Trials at the Guildhall have included those of Anne Askew (the Protestant martyr), Thomas Cranmer (Archbishop of Canterbury) and Lady Jane Grey ("the Nine Days' Queen")[12] as well as Henry Garnet (executed for his complicity in the Gunpowder Plot of 1605).[13]

The 1783 hearing of the infamous Zong case, the outcome of which focused public outrage about the transatlantic slave trade, also took place at Guildhall.[14] On 16 November 1848, the pianist Frédéric Chopin made his last public appearance on a concert platform there.[15] The marathon route of the 2012 Summer Olympics passed through Guildhall Yard.[16]

Present use[edit]

North Wing, completed 1958

Guildhall continues to serve as the headquarters for the City of London Corporation, with most of its offices housed in modern extensions to the north and west of the original building. The North Wing was designed by Giles Gilbert Scott and was built between 1955 and 1958, facing a new public square between Aldermanbury and Basinghall Street.[17]

West Wing, completed 1975

The West Wing was designed by Richard Gilbert Scott and built between 1970 and 1975 to a modernist style. The West Wing is separately listed as a grade II listed building.[17] The older part of Guildhall and the adjacent historic interiors are still used for official functions, and it is open to the public during the annual London Open House weekend. Guildhall Art Gallery was added to the complex in the 1990s. Guildhall Library, a public reference library with specialist collections on London, which include material from the 11th century onwards, is also housed in the complex.[18]

Gog and Magog[edit]

The figure of Magog

Two giants, Gog and Magog, are associated with Guildhall. Legend has it that the two giants were defeated by Brutus and chained to the gates of his palace on the site of Guildhall. Early carvings of Gog and Magog were destroyed in Guildhall during the Great Fire of London. They were replaced in 1708 by a large pair of wooden statues carved by Captain Richard Saunders. These giants, on whom the current versions are based, lasted for more than two hundred years before they were destroyed in the Blitz. They, in turn, were replaced by a new pair carved by David Evans in 1953 and given to the City of London by Alderman Sir George Wilkinson, who had been Lord Mayor in 1940 at the time of the destruction of the previous versions.[19]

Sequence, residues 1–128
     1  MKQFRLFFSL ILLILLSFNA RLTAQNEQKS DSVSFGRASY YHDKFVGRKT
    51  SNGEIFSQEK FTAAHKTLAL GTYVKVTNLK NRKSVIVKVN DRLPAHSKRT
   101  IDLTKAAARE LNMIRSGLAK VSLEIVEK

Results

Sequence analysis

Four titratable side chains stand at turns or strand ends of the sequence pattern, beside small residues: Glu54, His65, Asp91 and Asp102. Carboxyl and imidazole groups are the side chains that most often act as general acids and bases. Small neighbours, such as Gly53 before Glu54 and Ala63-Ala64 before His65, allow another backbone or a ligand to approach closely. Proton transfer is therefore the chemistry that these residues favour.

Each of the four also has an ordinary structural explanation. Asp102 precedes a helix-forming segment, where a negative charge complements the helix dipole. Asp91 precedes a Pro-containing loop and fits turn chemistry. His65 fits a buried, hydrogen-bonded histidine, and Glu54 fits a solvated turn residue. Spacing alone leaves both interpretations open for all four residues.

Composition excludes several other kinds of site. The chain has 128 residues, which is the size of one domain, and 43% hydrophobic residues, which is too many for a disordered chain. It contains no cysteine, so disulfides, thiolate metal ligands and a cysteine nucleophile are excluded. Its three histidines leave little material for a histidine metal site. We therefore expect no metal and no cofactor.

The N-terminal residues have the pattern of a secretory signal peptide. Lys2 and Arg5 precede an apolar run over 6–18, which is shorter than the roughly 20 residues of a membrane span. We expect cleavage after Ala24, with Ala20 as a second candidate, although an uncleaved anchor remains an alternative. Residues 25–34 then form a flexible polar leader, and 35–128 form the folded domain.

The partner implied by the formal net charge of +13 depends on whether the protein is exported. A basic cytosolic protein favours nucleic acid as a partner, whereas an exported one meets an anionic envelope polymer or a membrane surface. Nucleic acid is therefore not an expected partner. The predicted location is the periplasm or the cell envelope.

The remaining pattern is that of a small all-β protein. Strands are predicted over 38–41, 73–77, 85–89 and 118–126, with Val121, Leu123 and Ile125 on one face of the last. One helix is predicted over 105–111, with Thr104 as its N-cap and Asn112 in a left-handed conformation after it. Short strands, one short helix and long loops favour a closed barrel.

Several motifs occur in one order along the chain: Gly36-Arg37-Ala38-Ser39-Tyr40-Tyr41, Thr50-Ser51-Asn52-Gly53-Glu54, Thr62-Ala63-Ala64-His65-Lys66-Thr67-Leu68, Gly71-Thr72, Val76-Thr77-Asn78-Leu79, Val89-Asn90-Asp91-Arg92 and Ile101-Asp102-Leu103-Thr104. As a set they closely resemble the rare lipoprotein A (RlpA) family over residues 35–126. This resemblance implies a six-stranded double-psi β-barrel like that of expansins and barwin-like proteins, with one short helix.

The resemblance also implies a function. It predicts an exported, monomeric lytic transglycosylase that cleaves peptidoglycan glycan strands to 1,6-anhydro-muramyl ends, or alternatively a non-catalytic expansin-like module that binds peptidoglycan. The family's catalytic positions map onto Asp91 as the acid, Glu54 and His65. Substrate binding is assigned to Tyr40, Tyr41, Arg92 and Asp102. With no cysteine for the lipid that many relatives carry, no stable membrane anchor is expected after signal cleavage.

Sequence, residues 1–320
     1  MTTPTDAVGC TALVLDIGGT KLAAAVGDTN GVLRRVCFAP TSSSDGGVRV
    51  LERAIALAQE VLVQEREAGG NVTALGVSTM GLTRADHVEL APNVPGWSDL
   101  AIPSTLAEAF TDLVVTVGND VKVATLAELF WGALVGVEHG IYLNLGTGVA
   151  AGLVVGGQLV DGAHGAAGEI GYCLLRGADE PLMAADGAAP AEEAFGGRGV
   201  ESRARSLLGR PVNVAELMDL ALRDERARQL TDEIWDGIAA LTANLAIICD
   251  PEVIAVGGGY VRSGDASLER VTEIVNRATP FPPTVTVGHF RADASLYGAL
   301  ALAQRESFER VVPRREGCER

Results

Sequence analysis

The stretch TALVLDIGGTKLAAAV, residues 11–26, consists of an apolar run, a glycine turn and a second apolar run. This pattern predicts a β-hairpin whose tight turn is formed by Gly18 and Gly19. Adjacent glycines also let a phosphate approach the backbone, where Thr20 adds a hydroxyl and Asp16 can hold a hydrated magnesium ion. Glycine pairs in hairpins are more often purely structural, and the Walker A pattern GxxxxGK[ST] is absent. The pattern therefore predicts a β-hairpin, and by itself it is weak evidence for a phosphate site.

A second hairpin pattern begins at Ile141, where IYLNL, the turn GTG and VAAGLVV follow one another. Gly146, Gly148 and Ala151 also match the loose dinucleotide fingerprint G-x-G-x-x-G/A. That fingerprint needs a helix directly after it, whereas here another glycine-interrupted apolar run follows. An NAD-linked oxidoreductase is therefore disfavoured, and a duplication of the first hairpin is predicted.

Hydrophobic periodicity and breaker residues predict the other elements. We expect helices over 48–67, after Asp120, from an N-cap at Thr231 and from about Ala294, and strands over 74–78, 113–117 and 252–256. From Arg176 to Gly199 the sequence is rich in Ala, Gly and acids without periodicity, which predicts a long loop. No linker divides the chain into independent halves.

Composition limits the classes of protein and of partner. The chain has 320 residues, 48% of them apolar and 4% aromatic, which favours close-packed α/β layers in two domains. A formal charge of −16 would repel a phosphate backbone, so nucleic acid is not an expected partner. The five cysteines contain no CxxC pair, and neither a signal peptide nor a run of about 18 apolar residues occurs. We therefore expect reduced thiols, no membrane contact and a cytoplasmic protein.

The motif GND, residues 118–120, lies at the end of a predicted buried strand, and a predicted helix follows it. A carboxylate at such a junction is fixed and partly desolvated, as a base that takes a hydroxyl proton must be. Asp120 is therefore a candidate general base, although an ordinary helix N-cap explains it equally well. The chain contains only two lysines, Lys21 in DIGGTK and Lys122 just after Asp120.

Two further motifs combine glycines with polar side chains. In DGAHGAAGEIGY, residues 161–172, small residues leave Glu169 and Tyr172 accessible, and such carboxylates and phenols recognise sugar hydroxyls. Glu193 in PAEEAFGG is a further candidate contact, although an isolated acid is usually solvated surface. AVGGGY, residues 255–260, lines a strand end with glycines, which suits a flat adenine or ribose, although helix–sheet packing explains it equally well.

Guildhall hosts many events throughout the year, the most notable one being the Lord Mayor's Banquet, which is held in honour of the immediate-past Lord Mayor and is the first to be hosted by the new Lord Mayor of the City of London. In keeping with tradition, it is at this banquet that the Prime Minister makes a major world affairs speech. One of the last acts of the outgoing Lord Mayor is to present prizes at the City of London School prize day at Guildhall. Other events include those of various law firms and award evenings for the Wine and Spirit Education Trust (WSET).[20] The Worshipful Company of Carmen holds its cart-marking ceremony in the courtyard each July.[21]

In 1992 during the Ruby Jubilee of Elizabeth II, a lunch was held at Guildhall to mark the 40th year of The Queen's reign. Her Majesty made her famous 'annus horribilis' speech after the 1992 Windsor Castle fire and the separation of two of her children.[22]

Guildhall Bar[edit]

The members' bar in the Guildhall is a highly subsidised facility for members of the Court of Common Council and the Court of Aldermen.[23] However, access to the facilities is a privilege for life, even after an individual ceases to be a member of either of these courts.[23] Members can also entertain guests there.[23] It is substantially cheaper than any other bar in the City of London, as it is subsidised from the City's Cash, a sovereign wealth fund.[23]

See also[edit]


  1. ^ a b c Historic England. "Guildhall, London (1064675)". National Heritage List for England. Retrieved 25 August 2019.